First of all, let’s get over ourselves and remember that we’re not actually that important. People don’t think about us as much as we fear that they do. Whatever fears of judgment and rejection that keep us from asking questions and talking about our faith are more often than not wildly unfounded. Also the work of the Holy Spirit is far more powerful than any of us broken vessels. A friend of mine in ministry once observed, “It amazes me how much the Word stumbles forth.” God can and will use all kinds of people to expand the Kingdom. Brothers and sisters have come to Christ through way cooler and way weirder people than you, and all Jesus needs is your obedience.

Secondly, I think we can find a model for our Christian witness through the way God worked through the community of faith in the Old Testament. A lot has been written by far more learned people than me about the various “archetypes of Christ” throughout the OT. I’ll let their work stand, and I’ll add an observation. All of the faithful expressed Messianic traits, a way in which they lived that foreshadowed what the coming Christ would be like.

Moses acts as a continual intercessor throughout his ministry, coming between the people and God’s judgment (Ex. 33, Num 11, Num 14, just to name a few). He demonstrates our need for a mediator, someone who can bring us near to God’s presence (Ex. 33:7-11).

David is Israel’s best king, popular and successful and blessed by God (2 Sam. 7). He epitomizes a ruler who is submitted to the Father (1 Sam. 23, 2 Sam. 11), a shepherd who seeks the best interests of the flock, a man who (usually) wields his power with justice and mercy (1 Sam. 24). He also was in communion with the Holy Spirit (1 Sam. 16) and wrote scripture that was both present and prophetic.


Elisha is a prophet who boldly requests a double portion of the Holy Spirit (2 Kings 2). His ministry presents striking parallels with the ministry of Christ. For more on this, see the Bible studies page for a 6 part study comparing Elisha and Jesus. His miracles paved the way for the people to get a glimpse of the power of God and to see God’s intent for wholeness in the lives of His people.

I named only three of countless other people you can find in the OT. Hebrews 11 will give you a good place to start for further reading. The Israelite people knew their history and the stories of their heroes. All of these people created familiarity with the heart of God so that when Jesus began his ministry, they could all recognize His work as something they had seen before and yet never to this degree.

God’s servants had made God’s hand memorable so the community could identify when ministry was coming from Him. The Israelites could look at Jesus’ work and think, “You look familiar, haven’t we seen something like this before?” They could read the familiar words of Ps 23, “The Lord is my shepherd”, and have that in mind when Jesus said, “I am the Good Shepherd” (John 10). Jesus proclaimed that every good and powerful thing they had witnessed in the past was from and about Him. He was the completion and perfection of everything they had been longing for.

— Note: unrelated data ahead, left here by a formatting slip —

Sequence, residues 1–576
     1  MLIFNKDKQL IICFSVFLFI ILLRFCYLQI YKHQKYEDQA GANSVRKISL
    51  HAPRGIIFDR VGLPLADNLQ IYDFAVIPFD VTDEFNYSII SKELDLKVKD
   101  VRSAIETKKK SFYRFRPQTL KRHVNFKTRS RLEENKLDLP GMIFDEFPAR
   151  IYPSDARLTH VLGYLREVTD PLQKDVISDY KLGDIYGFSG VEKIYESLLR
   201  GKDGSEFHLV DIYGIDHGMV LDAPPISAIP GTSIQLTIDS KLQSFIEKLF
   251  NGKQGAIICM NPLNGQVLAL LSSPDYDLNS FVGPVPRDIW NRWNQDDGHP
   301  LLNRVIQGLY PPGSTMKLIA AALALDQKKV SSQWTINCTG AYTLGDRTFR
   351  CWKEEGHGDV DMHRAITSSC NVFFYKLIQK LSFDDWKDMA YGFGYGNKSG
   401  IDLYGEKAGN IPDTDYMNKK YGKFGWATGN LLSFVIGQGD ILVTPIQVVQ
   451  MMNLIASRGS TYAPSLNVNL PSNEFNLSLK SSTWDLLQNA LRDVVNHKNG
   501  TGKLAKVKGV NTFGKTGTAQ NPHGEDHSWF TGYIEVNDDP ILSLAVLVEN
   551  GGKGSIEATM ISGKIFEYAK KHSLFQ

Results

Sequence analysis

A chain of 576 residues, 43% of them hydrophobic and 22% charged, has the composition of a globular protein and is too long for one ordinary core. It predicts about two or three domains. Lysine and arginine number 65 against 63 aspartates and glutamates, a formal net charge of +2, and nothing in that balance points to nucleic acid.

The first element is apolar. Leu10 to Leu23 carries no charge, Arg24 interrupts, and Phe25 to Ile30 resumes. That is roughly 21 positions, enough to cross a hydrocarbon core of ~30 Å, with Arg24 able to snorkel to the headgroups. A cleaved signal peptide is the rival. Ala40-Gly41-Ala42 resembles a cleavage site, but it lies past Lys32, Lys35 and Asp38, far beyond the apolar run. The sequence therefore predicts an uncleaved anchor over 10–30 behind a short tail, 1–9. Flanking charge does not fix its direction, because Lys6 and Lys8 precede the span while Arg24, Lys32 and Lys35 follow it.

I think the process of evangelism is something like that. We treat others and behave in ways that make Jesus familiar to them. We demonstrate Christ’s love through compassion, ethical practices that care for the well-being of all, taking time to let others know they are valued and loved, and by talking about the Word of God. We mimic Christ to the people around us so that when they do meet Jesus, they’ll say, “You look familiar…have we met before?”

old women feet on porch

Just like the heroes that came before us, we are not Jesus. We are limited and flawed and fail to show God’s heart in perfect ways. And yet the Word stumbles forward, and we have the same calling to make Christ recognizable to His people. This is what propels us in evangelism and outreach.

Dear friends, let us love one another, for love comes from God. Everyone who loves has been born of God and knows God. Whoever does not love does not know God, because God is love. This is how God showed his love among us: He sent his one and only Son into the world that we might live through him.10 This is love: not that we loved God, but that he loved us and sent his Son as an atoning sacrifice for our sins. 11 Dear friends, since God so loved us, we also ought to love one another. 12 No one has ever seen God; but if we love one another, God lives in us and his love is made complete in us. 1 John 4:7-12

We can’t see God’s form on this side of the resurrection, but we see His love through each other. We are the image-bearers through which God has chosen to show Himself. When we love others with the love that we have received, we show our family resemblance. We are the ones who love and serve so that when someone we love meets Jesus for the first time, they’ll say, “Have we met before?”

Strong Moore: What’s in a name?

“What’s in a name? That which we call a rose

By any other name would smell as sweet.”

Romeo and Juliet